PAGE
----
Social networks aren't just for home users to keep in touch with old acquaintances and to try and increase their friend-count like a top score, they can also be beneficial to IT pros. At least that's what HP is banking on, which will soon unveil its own social network aimed at the enterprise.
HP is calling it 48Upper, and as the manifesto reads, "We have lived with the stereotype of being introverted, pessimistic loners for too long."
Right now HP is getting 48Upper ready for beta testing. It will be delivered as a software-as-a-service (SaaS), giving subscribers the ability to control how technical information is shared, and whether or not to tag information as "public."
According to CPP, a U.K. provider of life assistance products and services, digital crooks sent out some 3.7 billion phishing emails during the past 12 months. A little over half of these -- 55 percent -- are fake bank emails designed to lure potential victims into coughing up their credit card numbers and login passwords.
"It seems that not a day goes by without a new case of online fraud hitting the headlines. But what's concerning is that consumers are still falling victim," said Nicole Sanders, an identity fraud expert at CPP. "Fraudsters are becoming ever more skilled in their techniques and tactics. It can be extremely difficult to spot a legitimate email from a scam, so we advise caution at all times when online."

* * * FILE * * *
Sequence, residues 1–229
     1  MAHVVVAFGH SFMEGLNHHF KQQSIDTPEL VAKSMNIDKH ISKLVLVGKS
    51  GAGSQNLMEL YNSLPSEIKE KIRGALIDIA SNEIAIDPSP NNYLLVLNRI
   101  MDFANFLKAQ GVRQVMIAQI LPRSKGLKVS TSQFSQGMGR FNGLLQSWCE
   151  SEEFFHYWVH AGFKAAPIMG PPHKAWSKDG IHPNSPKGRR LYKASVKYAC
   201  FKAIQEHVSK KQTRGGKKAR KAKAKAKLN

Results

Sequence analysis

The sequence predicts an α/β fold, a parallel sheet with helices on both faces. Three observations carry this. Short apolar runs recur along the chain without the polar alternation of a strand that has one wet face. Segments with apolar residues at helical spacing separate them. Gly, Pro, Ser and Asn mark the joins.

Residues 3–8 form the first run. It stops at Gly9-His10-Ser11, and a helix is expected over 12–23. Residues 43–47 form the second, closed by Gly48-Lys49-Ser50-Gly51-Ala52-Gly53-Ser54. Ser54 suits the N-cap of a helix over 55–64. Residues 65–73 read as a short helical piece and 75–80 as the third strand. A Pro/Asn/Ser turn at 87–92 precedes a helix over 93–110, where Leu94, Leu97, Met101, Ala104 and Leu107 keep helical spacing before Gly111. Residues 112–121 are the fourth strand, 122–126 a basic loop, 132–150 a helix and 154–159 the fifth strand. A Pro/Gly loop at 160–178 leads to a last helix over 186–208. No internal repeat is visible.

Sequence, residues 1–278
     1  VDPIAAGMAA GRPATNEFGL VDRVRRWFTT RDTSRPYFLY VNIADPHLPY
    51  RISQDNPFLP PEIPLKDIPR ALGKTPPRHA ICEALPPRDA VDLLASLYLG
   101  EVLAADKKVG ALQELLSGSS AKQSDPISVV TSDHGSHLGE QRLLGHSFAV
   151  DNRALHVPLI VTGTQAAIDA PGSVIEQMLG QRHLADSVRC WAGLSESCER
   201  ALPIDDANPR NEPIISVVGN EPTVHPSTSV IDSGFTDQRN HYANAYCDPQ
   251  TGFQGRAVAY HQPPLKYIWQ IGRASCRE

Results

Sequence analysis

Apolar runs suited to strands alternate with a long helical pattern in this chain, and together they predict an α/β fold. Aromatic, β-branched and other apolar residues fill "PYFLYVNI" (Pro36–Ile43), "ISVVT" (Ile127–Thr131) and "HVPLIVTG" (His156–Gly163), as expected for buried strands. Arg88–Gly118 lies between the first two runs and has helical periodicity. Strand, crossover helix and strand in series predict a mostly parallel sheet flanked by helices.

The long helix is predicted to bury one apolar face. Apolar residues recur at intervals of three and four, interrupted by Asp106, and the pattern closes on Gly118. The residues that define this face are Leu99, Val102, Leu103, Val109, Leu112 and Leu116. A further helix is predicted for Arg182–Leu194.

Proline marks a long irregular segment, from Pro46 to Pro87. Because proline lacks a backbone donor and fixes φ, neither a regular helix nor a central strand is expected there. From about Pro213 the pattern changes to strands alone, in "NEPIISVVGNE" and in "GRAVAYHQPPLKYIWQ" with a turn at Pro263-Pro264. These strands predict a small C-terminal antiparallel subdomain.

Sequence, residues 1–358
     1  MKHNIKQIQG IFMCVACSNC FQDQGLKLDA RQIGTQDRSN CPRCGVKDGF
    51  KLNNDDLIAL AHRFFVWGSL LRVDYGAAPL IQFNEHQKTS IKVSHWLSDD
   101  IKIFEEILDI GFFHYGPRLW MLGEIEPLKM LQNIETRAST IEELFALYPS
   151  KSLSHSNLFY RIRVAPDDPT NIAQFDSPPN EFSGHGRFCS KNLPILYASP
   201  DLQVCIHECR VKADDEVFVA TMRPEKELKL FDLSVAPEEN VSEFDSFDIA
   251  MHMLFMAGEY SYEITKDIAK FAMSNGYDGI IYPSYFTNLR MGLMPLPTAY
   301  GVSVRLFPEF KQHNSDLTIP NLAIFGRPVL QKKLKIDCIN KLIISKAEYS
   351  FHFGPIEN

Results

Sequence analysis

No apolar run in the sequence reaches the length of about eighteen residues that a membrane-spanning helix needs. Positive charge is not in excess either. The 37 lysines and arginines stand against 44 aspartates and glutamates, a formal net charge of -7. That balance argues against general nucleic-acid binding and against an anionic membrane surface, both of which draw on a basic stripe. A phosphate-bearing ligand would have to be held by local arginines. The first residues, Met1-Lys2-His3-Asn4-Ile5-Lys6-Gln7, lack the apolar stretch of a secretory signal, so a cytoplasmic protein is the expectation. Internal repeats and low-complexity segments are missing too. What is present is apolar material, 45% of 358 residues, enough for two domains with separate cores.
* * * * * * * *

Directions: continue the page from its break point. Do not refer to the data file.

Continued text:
Lottery hoaxes and Nigerian 419 scams remain ever popular, but social networking scams might be the next big thing. Everything from phony Facebook messages to fake Twitter accounts are being used to dupe users, CPP said.
The U.S. government is taking Oracle to court for alleging overcharging several million of dollars, and perhaps as much as $10 million, according to documents filed with the U.S. District Court for the Eastern District of Virginia.
At issue are what are called "GSA schedules," which are essentially contracts designed to provide discounts that are as good or even better than those given to the vendor's preferred customers.
"The whole idea of GSA schedule discounts is that the government, in the aggregate, is likely to be one of the largest purchasers of a company's products, and is entitled to take advantage of the discounts that its large buying power should command," the complaint states.
Oracle is accused of working on the sly to find ways around the GSA restrictions so that commercial customers get even deeper discounts. According to the complaint, it's the taxpayers who ultimately pay the price for Oracle's alleged misdeeds.
SGi this week announced the release of its InfiniteStorage 5000 RAID storage system. With an advanced feature-set and flexible configuration options, SGI hopes to attract mid-market customers. It's also SGI's first storage system to employ 6Gbps SAS technology, the company said.
"As data volumes in the enterprise continue to grow, increased performance, reduced power consumption and system flexibility are of primary concern to customers," said Rick Chapek, SGI senior vice president of hardware engineering. "By utilizing 6 Gb/s SAS technology, SGI InfiniteStorage 5000 brings performance, reliability and a strong feature set normally seen in high-end Fibre Channel systems to an aggressive entry-level price point."